Back to the point, in “Thing” the climax reaches a fever pitch when the character “Radio” Raheem is murdered by NYPD officers, a fire hose is turned again an angry mob and our “hero,” Mookie, played by Lee, throws a trash can through the window of local pizzeria, Sal’s Famous. A lot of anger is loaded into the final 15 minutes of the film, but it brings up the question; What is the “Right” thing?

This is an argument that I’ve gotten into with a lot of people. Personally, I’m always interested to hear what people think is the “right” thing. The biggest point of contention is always whether Mookie should have thrown the garbage can through the window of Sal’s Famous. While I understand why this might be a point to argue between people, I’m on the side of this being the “right” thing. Simply, it was rightful rage over the death of an innocent citizen by the “trusted” police force which forces another citizen to act in way that many may never understand how to act. Of course, in turn, this action also saves the lives of Sal and his sons, despite the fact that their business is destroyed by an angry mob. That’s the simple way to breakdown the climax of “Thing,” but there is much more leading to this choice.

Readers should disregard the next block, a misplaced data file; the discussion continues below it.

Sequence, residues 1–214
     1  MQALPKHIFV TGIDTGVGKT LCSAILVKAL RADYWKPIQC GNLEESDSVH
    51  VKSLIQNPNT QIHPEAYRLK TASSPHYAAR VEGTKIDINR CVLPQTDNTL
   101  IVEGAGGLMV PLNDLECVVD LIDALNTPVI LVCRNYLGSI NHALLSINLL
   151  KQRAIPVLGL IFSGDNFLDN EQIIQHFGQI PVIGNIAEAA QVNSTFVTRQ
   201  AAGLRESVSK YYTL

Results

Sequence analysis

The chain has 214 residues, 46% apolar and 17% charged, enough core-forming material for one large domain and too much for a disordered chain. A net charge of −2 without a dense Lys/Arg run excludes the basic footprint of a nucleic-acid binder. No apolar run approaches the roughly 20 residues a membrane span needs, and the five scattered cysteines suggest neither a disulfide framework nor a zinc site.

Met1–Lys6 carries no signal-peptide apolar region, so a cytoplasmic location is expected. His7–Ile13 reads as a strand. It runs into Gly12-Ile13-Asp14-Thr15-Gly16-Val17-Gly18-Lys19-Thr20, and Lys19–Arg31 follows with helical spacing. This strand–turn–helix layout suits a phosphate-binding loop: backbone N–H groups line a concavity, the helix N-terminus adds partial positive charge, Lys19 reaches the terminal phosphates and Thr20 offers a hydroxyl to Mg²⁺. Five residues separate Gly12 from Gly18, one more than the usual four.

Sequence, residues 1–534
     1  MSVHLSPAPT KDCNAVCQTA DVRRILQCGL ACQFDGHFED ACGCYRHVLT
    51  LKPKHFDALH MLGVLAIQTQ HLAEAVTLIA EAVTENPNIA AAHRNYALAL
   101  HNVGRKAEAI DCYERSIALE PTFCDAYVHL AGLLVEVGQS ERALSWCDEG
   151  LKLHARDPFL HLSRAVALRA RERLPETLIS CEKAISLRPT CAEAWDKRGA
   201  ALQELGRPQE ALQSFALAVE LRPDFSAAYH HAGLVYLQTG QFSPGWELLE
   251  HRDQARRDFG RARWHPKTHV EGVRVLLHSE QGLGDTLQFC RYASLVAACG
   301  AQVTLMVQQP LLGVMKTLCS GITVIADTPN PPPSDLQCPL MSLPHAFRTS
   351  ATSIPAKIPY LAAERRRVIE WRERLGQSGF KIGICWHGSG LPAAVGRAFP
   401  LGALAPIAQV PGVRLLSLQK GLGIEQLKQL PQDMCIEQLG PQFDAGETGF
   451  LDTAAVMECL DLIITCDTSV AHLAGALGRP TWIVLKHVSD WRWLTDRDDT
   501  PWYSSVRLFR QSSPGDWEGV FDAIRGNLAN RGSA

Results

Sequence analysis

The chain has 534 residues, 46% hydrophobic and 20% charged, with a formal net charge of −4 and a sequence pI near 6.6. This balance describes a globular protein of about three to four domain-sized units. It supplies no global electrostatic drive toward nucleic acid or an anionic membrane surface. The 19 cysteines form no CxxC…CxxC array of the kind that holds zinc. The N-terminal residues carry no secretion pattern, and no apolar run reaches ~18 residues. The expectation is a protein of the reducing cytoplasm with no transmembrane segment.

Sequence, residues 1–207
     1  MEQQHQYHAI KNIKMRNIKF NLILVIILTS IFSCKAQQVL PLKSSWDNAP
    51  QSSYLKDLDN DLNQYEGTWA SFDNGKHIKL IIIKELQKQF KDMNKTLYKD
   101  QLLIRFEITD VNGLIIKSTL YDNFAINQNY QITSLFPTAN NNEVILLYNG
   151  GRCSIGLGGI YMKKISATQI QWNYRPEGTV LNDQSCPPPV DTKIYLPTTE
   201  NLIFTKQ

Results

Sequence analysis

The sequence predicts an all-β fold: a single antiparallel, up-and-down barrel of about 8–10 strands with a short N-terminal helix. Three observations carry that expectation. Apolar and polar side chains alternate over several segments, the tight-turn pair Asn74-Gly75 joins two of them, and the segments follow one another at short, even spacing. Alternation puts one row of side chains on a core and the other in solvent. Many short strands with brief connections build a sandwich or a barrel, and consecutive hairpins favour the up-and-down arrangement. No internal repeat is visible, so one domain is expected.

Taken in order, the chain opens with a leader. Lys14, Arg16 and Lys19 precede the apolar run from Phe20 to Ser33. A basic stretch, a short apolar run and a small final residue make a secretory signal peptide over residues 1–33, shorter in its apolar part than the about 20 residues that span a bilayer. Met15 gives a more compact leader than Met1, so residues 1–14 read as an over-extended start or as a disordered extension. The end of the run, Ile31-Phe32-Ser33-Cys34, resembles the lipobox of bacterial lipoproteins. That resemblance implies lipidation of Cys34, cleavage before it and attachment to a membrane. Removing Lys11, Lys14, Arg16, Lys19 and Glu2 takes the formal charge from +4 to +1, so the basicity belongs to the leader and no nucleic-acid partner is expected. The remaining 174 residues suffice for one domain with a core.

Other aspects of the story certainly play a big part in Mookie’s decision. The New York heat, Sal not paying Mookie before the day was up, being accused of being a dead-beat father, the constant harassment by Smiley, there are several aspects of the day that sets Mookie off, but the most reasonable is always going to be seeing “Radio” Raheem murdered in front of him by police who are tasked with upholding the law and having the CPR (Courtesy Professionalism Respect) on the side of their cruiser (the irony). It’s a layered argument that can be tossed back and forth, but the reason we still reference “Thing” as the movie that still commands our attention a quarter of a century after it’s release is the climate we live in currently.